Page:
The first point urged by appellant for reversal is based upon the instruction of the court directing the jury that if they found for plaintiff to find in the specific sums referred to above. It is conceded that if the City can maintain this action it is by reason of the provision of the Workmen's Compensation, Insurance and Safety Act, which in section 26, as amended in 1919, provides for what may be called a subrogation suit which may be brought by the employer whenever having become obligated to pay compensation by reason of an injury to an employee within the provisions of the act under such circumstances as to give rise to a liability for the damage resulting.

We are unable to find error in the instruction of the court. The evidence shows that the amounts actually paid by the respondent to the injured employees were in excess of the compensation fixed by the Workmen's Compensation Act. The jury determined from the evidence that appellant was liable and the amount of liability was merely a matter of computation based upon the provisions of the Workmen's Compensation Act and flowed naturally from the fact of liability. If, as a matter of law, the respondent paid or had become obligated to pay such compensation, the damages sustained by the respondent were necessarily the amounts so paid or incurred by the terms of the act. (Citing Moreno v. Los Angeles Transfer Co., 44 Cal.App. 551 [ 186 P. 800].)

The amount of the wages of the injured employees was stipulated, and the amount actually paid was stipulated, which amount was greater than the obligation imposed by the Workmen's Compensation Act, and this left nothing to be done but to compute the amount which respondent was entitled to recover under the act in the event the jury should find for plaintiff. Any other finding by the jury would have been unsupported by the evidence.

[2] The second specification of error is that the trial court erred in admitting in evidence testimony concerning the amounts paid by respondent to its injured employees or concerning the extent of disability suffered by the employees or in anywise tending to fix the liability of respondent under the Workmen's Compensation Act. If the respondent had offered evidence as to the disability of the injured employees and the amounts actually paid by it as compensation for such injuries it could not be claimed to have been either incompetent, irrelevant, or immaterial and would have been admitted by the court, but in this case to obviate the introduction in evidence of numerous witnesses the existence of the facts was stipulated subject to the objection stated above. The material question was the extent of the payment and the fact of disability, both of which elements were included in the stipulation.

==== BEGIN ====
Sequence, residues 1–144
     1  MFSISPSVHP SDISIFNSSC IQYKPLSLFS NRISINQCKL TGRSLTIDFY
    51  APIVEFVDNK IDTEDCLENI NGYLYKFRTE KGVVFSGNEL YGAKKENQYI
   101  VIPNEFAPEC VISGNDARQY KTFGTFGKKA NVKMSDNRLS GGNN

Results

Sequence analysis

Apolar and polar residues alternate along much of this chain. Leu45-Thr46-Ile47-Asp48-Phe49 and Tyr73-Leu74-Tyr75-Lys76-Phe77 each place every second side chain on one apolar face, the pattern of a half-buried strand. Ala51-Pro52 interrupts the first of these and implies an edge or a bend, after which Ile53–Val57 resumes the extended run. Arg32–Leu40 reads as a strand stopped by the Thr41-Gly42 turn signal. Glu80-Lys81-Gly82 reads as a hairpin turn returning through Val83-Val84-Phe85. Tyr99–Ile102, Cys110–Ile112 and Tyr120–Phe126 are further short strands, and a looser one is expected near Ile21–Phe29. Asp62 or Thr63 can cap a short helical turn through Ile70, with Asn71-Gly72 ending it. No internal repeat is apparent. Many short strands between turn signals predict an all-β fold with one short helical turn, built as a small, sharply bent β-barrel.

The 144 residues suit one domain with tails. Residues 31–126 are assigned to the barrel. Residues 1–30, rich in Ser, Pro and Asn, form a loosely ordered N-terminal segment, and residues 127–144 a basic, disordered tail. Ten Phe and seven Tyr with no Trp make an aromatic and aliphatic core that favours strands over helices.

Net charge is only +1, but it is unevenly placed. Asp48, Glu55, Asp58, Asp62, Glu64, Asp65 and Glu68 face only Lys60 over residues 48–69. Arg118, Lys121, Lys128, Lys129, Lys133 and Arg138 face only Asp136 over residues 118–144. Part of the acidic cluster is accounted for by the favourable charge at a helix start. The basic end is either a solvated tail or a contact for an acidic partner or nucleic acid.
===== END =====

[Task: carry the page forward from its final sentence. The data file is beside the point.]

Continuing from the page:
The law has imposed an obligation upon an employer to pay compensation to its injured employees and has given it a right of subrogation as against a tort-feasor who had negligently injured the employee to the extent of the compensation so paid by the employer.

[3] Appellant further claims that the court erred in admitting evidence of the amounts that the respondent had paid to its employees without proof that it had either paid them or had become obligated to pay them by virtue of the provisions of the compensation act.

There is a provision in the charter of the City of Sacramento which provides that a city employee who becomes physically disabled by reason of injuries received while in the performance of his duties should be entitled to receive medical, surgical, and hospital treatment and full pay during the continuance of his disability or until retired upon pension.

It appears from the evidence that no application had ever been made by the injured employees for payment of disability indemnity under the Workmen's Compensation Act and that the only sums paid out by the respondent have been payments of salaries, hospital, and medical expenses and pensions as provided by the city charter. We deem it immaterial, however, out of what particular fund the payments may have been made or in response to what particular demand the moneys were so paid, for the undisputed fact shows that payments were made and a formal demand or application would have resulted in nothing further than has already been done.

Appellant also criticises numerous instructions given by the court. We have carefully examined the entire testimony and the instructions taken as a whole clearly declare the law as applicable to the case.

Appellant claims also that as a matter of law the driver of the fire-truck was guilty of contributory negligence.